Their message is simple – All are welcome in the Forest City.
Under a program of that same name, a desire to amplify that message has brought together a number of local groups and organizations – including the International Student Centre, Equity and Human Rights Office and Centre for Research on Migration and Ethnic Relations, all of Western.
“Some segments of our community do experience discrimination. But if you don’t see it, and therefore don’t experience it, you may think all is fine. People don’t realize it does happen,” explained Victoria Esses, a Western Psychology professor and Director of the Centre for Research on Migration and Ethnic Relations. “The idea was to have a community campaign to combat discrimination.”
Led by London & Middlesex Local Immigration, the All Are Welcome initiative started with a thousand simple yard signs across the city proclaiming just that – all are welcome. Now, the physical reminders have gone digital with the recent launch of the 1,000 Acts of Welcome website, 1000actsofwelcome.ca.
On the site, Londoners can log the ‘acts of welcome’ they have performed or experienced. It can be almost any positive act – from helping someone with directions and sharing tips on surviving a Canadian winter to explaining bus routes or providing information on local schools for their children.
London’s reputation has taken a number of blows in recent years – from high-profile incidents like a banana-throwing directed at a black NHL player on the ice at Budweiser Gardens to racial slurs tossed at two black Grand Theatre actors on the street, to everyday incidents of unprovoked verbal and physical attacks of visible minorities.
A recent community event echoed many of these trials when new immigrants and refugees to London gathered to share their experiences on being new to the city. It did not shine a positive light on London.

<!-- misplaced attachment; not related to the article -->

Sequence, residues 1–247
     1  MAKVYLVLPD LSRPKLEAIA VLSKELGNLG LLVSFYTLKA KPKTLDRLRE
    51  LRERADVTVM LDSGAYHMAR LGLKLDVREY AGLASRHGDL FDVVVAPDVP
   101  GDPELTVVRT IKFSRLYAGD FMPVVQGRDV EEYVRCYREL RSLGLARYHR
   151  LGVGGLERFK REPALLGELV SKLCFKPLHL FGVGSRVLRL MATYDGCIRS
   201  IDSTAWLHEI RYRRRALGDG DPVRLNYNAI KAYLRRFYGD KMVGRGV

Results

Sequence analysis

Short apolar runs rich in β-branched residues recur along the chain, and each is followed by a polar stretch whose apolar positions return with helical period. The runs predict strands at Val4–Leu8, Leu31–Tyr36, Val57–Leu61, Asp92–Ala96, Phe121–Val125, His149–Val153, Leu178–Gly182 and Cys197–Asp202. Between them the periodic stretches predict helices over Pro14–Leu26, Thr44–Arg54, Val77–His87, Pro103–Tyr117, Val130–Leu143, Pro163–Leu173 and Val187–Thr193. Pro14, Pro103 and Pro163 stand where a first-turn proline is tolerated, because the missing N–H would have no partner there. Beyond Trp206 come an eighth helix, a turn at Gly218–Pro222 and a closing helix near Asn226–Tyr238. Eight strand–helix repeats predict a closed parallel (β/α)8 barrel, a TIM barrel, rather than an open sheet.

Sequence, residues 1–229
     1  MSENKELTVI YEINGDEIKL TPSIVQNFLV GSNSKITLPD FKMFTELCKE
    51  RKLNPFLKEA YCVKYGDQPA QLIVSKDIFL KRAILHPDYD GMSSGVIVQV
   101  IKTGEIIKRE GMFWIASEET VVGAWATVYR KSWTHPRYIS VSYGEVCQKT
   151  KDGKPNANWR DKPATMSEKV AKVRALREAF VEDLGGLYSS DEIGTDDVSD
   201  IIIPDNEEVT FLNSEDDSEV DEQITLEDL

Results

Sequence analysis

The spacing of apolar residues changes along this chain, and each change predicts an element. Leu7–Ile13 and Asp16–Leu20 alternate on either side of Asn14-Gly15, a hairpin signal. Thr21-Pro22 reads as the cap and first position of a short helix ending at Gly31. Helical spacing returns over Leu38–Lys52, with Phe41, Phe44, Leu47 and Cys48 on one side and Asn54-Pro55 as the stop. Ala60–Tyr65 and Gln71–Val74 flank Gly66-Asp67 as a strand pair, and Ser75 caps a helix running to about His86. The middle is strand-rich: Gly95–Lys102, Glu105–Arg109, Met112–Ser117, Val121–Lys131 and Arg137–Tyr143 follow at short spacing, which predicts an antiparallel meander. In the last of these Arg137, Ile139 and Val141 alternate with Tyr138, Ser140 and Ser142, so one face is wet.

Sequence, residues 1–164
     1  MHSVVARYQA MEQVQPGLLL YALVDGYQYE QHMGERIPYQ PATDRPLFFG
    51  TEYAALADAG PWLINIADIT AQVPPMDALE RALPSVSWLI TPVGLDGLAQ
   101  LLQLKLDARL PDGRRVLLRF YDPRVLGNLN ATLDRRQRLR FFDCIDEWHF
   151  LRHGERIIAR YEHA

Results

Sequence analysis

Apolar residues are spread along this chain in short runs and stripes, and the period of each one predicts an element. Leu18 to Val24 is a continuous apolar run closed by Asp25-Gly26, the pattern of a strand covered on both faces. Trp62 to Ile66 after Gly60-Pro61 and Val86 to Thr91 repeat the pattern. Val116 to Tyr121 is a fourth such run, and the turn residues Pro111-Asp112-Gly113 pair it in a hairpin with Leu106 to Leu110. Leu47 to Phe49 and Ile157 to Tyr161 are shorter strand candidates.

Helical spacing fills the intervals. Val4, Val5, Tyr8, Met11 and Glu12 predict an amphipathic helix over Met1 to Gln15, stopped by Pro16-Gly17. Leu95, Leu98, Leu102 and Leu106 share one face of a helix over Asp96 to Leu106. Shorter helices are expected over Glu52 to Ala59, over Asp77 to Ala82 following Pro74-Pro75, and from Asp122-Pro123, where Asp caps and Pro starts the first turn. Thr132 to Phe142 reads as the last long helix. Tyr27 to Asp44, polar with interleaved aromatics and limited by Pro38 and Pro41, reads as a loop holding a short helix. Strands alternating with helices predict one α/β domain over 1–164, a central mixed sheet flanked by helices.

Next steps must be able making change, Esses said. People often observe these incidents and don’t know what to do or whether they should intervene.
“We need to know what those interventions could look like so it becomes easier for us to act on them. Doing something rather than doing nothing,” Esses said. “When we talk about these everyday experiences of racism and discrimination, they don’t have to be huge acts like someone attacking or hitting someone. They can be minor. Yet, over time, they build up and can really wear people down. So these little acts of kindness, or welcoming, can make a huge difference.”
While Esses believes things are trending toward a more welcoming environment in London, there is still work to do.
“Things have changed. London was less open to diversity and immigrants. But we’re becoming aware we need to act,” said Esses, Principal Investigator of the Pathways to Prosperity Partnership, a national alliance of university, community and government partners dedicated to fostering welcoming communities and promoting the integration of migrants and minorities across Canada.
“It benefits us all to have diversity in the workplace, to have immigrants coming to our city and providing their skills. We need them. Suddenly, it’s not me doing them a favour, but them benefiting us, too.
“Immigrants come in with a lot of skills and are often not recognized. Their skills are devalued and they can’t use them. They are paid less, not promoted within organizations as fast. Within organization, perhaps, we need people to be more inter-culturally confident and to be aware of all the benefits of immigrants are bringing to us.”
The Centre for Research on Migration and Ethnic Relations is sponsoring the 10th annual Life as a Refugee Conference ‘All of Welcome Here’ on June 20 at the Four Points by Sheraton in London. Workshops will focus on welcoming and inclusive communities, including economic integration and resettlement educational supports. Claire Roque, President of the Canadian Council for Refugees, is the keynote speaker
“They are grateful for what we’ve done as a community, but we also need to be grateful for what they can contribute,” Esses said. “Looking at their resilience and how they make a new life, it’s not simple.”